Cantwell to AG Holder: Don’t bow to banks
Source: Seattle Post-Intelligencer
The U.S. Justice Department should fully probe crimes and wrongdoing by major banks before the federal government and states absolve them of liability, Sen. Maria Cantwell, D-Wash., said Thursday.
Cantwell, an architect of 2010 financial reform legislation, sent a sharp letter to Attorney General Eric Holder, whose department has yet to bring any criminal charges over a mortgage lending meltdown that cost three million Americans their homes.
“I am concerned that recently reported settlement proposals will effectively absolve these financial institutions of substantial civil and criminal liability in one of the largest alleged fraud schemes during the financial crisis,” wrote Cantwell.
Cantwell argued that a proposed $20 billion settlement is not nearly enough for victims of foreclosure fraud or millions of Americans who face foreclosure.
Through June of 2011, Washington had the 15th highest foreclosure rate in the country. RealtyTrac reports the Evergreen State had 4,450 new foreclosure filings in June and that overall, there were 29,398 foreclosure properties.
Washington was also home to the largest bank failure in American history, when Washington Mutual (“the friend of the family” in its ads) was seized and sold to J.P. Morgan Chase in September of 2008.
No criminal charges were ever filed. On Tuesday, the Federal Deposit Insurance Corp. settled its $900 million lawsuit against three top WaMu executives for just $75 million — money that will come not from executives’ pockets but from the bank’s liability insurance.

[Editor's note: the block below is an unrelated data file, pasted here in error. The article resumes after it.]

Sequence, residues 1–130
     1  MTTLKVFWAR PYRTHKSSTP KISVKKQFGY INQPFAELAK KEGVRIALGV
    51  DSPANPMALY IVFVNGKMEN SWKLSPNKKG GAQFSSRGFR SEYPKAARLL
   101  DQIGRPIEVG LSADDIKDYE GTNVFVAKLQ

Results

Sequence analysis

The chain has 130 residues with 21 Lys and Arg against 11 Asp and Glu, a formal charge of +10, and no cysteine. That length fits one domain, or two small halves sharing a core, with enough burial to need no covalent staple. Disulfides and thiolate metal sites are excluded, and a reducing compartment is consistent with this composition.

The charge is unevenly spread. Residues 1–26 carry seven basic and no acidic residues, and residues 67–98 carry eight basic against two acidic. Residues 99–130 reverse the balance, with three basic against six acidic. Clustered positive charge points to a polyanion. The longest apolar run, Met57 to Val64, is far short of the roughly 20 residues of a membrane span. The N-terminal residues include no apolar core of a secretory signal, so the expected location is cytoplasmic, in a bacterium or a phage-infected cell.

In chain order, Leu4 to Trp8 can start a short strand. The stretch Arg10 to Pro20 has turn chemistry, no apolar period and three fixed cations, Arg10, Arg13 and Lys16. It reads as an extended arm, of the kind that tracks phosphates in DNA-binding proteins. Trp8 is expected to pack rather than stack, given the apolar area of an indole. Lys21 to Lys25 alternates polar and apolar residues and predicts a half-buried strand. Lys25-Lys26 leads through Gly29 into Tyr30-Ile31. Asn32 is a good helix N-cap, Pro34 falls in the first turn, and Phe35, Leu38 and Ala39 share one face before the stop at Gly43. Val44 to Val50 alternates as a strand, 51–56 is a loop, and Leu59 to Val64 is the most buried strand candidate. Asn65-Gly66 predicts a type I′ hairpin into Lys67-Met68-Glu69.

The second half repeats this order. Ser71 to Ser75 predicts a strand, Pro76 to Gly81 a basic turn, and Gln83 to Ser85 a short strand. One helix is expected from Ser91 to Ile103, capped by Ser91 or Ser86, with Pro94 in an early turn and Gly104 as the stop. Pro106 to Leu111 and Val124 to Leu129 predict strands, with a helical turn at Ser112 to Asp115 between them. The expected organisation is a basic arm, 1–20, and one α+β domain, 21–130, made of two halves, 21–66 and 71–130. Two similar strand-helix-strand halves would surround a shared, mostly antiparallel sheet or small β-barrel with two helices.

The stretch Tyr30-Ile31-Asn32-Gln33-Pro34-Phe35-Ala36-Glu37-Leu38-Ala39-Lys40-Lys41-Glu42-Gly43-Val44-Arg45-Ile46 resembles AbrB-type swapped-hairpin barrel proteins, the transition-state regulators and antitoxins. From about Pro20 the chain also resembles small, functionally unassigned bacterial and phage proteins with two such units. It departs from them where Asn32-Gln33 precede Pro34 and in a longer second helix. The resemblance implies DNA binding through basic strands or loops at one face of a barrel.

The settlements come despite a Senate Subcommittee on Investigations report on WaMu that detailed extensive evidence of “systematic” fraud in new mortgages, and internal audits at WaMu that uncovered fraudulent documents.
State attorney generals, including Washington’s Rob McKenna, are in the midst of settlement negotiations. One major state — New York — recently pulled out of the pending deal.
Echoing the Senate subcommittee’s report on WaMu, Cantwell wrote to Holder:
“As a result of the pump-and-dump scheme perpetrated by the nation’s largest banks that inflated — and burst — the housing bubble, an estimated 14 million Americans are underwater, owning $700 billion more on their homes than those homes are worth.
“A $20 billion settlement is woefully inadequate to compensate the wrongfully evicted or homeowners struggling to stay in their homes. Much more should be required of banks to provide meaningful help (to) underwater homeowners and compensate foreclosure fraud victims.”
“A settlement with mortgage servicers must also require reforms to ensure such abuses do not happen again.”
Holder is under more than a bit of public pressure. CBS’ “60 Minutes” recently ran a scathing analysis of the Department of Justice’s failure to prosecute.
The Occupy Wall Street movement has targeted big banks, who were bailed out in the crisis by big government. The federal government disbursed an estimated $4.7 trillion to financial institutions during the crisis, and guaranteed an additional $12.87 trillion.
“Holding banks accountable for abusive and fraudulent practices, while compensating damaged homeowners, wrongfully evicted, local governments and defrauded investors is vital to restoring . . . confidence,” Cantwell told Holder.
“I urge you to ensure that any settlement with mortgage servicers over alleged foreclosure abuses does not absolve liability for crimes and wrongdoing that has yet to be fully investigated, and ensures just compensation for victims.”
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